8 value this evidence has, given largely by the accused.
9 JUDGE MAY: Yes, Mr. Milosevic. There's not much point. This is
10 the point that's being made: Going on to the witness about matters which
11 he really doesn't know about and asking him what his assumptions are.
12 Now, if you want to call or give evidence about these matters from
13 somebody who knows about them, you can, but it's of little benefit to the
14 Trial Chamber. As you know, your time is limited, so you'll want to use
15 it as usefully as you can.
16 THE ACCUSED: [Interpretation] Well, I am using it, Mr. May, but
17 precisely from this paper that was submitted by Mr. Nice, this paper shows
18 what I have been claiming. It shows that the most expert team possible
19 that was preparing a draft law was headed by the greatest expert of all,
20 and it was logical to make it possible for that man that until he prepares
21 this bill for consideration for the government, that he should not be
22 subjected to pressure from any other sides until he actually prepares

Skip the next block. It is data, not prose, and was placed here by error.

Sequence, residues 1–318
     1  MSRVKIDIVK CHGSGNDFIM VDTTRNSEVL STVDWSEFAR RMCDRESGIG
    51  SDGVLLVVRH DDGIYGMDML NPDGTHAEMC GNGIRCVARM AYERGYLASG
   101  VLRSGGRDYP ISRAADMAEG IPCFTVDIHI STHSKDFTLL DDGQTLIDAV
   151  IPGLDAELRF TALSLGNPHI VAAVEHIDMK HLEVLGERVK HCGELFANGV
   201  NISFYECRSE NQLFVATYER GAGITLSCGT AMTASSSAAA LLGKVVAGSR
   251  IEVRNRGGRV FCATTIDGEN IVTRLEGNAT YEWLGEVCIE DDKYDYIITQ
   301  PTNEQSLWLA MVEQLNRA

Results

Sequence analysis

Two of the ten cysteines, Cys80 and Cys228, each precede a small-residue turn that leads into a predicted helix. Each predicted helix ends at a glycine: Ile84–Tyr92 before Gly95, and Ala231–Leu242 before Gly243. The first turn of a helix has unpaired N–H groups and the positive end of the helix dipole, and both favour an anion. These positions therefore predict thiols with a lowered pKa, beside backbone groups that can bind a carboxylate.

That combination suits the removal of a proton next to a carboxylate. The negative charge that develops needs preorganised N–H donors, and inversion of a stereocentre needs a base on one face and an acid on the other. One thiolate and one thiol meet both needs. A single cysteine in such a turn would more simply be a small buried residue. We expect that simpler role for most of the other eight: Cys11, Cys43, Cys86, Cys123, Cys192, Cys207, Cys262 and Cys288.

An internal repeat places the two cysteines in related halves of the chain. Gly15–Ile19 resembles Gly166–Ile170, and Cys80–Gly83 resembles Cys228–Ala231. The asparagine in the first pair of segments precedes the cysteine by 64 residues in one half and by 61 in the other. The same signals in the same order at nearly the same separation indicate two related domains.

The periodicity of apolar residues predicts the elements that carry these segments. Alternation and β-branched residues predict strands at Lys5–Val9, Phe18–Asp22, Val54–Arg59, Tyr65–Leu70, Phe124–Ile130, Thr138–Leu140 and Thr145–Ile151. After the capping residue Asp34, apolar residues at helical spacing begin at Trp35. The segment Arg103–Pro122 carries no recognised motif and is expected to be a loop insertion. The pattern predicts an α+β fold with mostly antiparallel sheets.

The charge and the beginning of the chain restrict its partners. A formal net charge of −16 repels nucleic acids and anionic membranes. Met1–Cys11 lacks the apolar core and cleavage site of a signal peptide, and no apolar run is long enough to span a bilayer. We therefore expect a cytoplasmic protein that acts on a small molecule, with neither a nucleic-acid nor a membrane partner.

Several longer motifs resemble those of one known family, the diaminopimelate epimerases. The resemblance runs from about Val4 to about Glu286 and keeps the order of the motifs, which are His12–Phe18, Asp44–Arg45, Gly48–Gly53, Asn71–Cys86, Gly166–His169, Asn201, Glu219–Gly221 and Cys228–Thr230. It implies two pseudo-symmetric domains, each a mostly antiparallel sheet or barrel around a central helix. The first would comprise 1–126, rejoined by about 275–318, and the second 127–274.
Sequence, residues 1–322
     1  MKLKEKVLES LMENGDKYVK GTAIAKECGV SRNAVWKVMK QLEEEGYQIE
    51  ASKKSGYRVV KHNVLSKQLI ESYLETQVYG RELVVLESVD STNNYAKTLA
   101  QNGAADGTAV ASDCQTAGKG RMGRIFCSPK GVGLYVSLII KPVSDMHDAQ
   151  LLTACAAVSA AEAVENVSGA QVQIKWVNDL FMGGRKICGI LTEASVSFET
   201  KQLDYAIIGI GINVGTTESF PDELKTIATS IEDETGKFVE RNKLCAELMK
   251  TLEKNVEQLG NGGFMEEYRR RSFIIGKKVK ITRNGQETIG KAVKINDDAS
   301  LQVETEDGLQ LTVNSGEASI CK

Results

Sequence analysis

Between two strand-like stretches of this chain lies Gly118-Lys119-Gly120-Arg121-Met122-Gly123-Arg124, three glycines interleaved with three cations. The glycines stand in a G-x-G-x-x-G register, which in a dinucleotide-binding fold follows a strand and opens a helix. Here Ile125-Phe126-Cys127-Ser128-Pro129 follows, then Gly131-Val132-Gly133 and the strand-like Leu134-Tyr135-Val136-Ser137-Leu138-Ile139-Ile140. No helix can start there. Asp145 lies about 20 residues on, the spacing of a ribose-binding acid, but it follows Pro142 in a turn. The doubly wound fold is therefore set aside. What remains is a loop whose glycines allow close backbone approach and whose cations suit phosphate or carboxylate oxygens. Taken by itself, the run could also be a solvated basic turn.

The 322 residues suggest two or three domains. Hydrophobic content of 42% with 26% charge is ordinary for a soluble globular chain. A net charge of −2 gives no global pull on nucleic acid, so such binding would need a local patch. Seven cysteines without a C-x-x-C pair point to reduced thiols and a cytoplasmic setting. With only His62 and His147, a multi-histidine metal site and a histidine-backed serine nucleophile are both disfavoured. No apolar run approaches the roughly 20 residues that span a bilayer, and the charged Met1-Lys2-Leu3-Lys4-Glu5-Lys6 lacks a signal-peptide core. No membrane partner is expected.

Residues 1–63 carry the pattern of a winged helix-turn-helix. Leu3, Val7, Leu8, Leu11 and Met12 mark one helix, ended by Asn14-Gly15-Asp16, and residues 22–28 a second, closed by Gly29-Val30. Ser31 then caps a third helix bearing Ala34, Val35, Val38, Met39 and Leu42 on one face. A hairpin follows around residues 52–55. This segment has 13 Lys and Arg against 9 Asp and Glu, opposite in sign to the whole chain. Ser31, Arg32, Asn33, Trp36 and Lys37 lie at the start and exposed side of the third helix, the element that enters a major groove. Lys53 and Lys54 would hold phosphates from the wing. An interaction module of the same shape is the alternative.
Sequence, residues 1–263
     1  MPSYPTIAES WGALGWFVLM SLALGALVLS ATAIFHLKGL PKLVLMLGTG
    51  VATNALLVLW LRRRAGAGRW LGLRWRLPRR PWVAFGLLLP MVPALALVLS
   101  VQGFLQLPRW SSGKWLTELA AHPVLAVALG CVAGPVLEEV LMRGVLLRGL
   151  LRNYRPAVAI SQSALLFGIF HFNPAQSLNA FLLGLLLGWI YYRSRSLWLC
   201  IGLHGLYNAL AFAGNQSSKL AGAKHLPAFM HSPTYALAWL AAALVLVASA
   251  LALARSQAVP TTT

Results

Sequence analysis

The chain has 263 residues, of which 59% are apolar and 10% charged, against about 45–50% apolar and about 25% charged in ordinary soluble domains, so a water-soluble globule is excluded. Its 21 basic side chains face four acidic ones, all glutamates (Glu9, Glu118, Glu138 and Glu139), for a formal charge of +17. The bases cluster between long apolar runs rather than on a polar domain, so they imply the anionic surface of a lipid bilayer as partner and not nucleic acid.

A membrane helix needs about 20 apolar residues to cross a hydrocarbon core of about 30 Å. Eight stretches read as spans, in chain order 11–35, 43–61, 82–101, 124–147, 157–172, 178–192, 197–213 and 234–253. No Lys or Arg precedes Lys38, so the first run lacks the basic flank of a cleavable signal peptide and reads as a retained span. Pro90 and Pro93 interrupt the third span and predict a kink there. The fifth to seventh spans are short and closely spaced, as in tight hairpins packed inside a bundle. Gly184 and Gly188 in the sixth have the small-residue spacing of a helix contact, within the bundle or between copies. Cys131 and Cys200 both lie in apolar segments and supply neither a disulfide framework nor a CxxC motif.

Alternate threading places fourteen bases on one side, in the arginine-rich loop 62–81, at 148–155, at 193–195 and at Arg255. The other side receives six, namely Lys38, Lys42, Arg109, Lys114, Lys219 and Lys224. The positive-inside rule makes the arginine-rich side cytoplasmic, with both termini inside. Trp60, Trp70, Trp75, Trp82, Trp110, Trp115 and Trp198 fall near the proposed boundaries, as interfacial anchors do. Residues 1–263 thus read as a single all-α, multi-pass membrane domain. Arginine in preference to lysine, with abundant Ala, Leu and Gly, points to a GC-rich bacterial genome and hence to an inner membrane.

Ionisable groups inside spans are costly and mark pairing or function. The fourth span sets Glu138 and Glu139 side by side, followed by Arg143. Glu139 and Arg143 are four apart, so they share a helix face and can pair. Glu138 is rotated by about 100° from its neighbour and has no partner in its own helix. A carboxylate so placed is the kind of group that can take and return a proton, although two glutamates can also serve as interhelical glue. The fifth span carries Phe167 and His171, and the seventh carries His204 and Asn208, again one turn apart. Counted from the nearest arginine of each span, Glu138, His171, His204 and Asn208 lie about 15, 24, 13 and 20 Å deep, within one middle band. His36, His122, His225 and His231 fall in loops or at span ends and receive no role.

23 this. So then it was not up to me or anyone else; it was up to the
24 government and parliament what kind of bill would be presented and what
25 the parliament would ultimately adopt.
1 JUDGE MAY: We hear your argument. It is a matter of argument.
2 The witness can only give evidence about what he knows himself or saw or
3 heard. Now, unless there's anything else you want to ask about this which
4 is relevant, I suggest we move on and don't waste further time on it.
5 THE ACCUSED: [Interpretation] Mr. May, you did not caution the
6 other side that they were wasting time when they were putting questions
7 about licence plates on a truck for ten minutes, and you are cautioning me
8 when you speak about a decision that is quite legitimate and that pertains
9 to the internal regulation of a sovereign state. And you cannot even --
10 JUDGE MAY: Your points are totally false. There was no question
11 of ten minutes on that matter. Anyway, it's irrelevant. If you want to
12 ask, if you've got questions that this witness can deal with, of course
13 this is an important document. If you've got some questions that the
14 witness can deal with in relation to it, why, then, ask him, but asking
15 him about a series of assumptions is not going to assist anybody.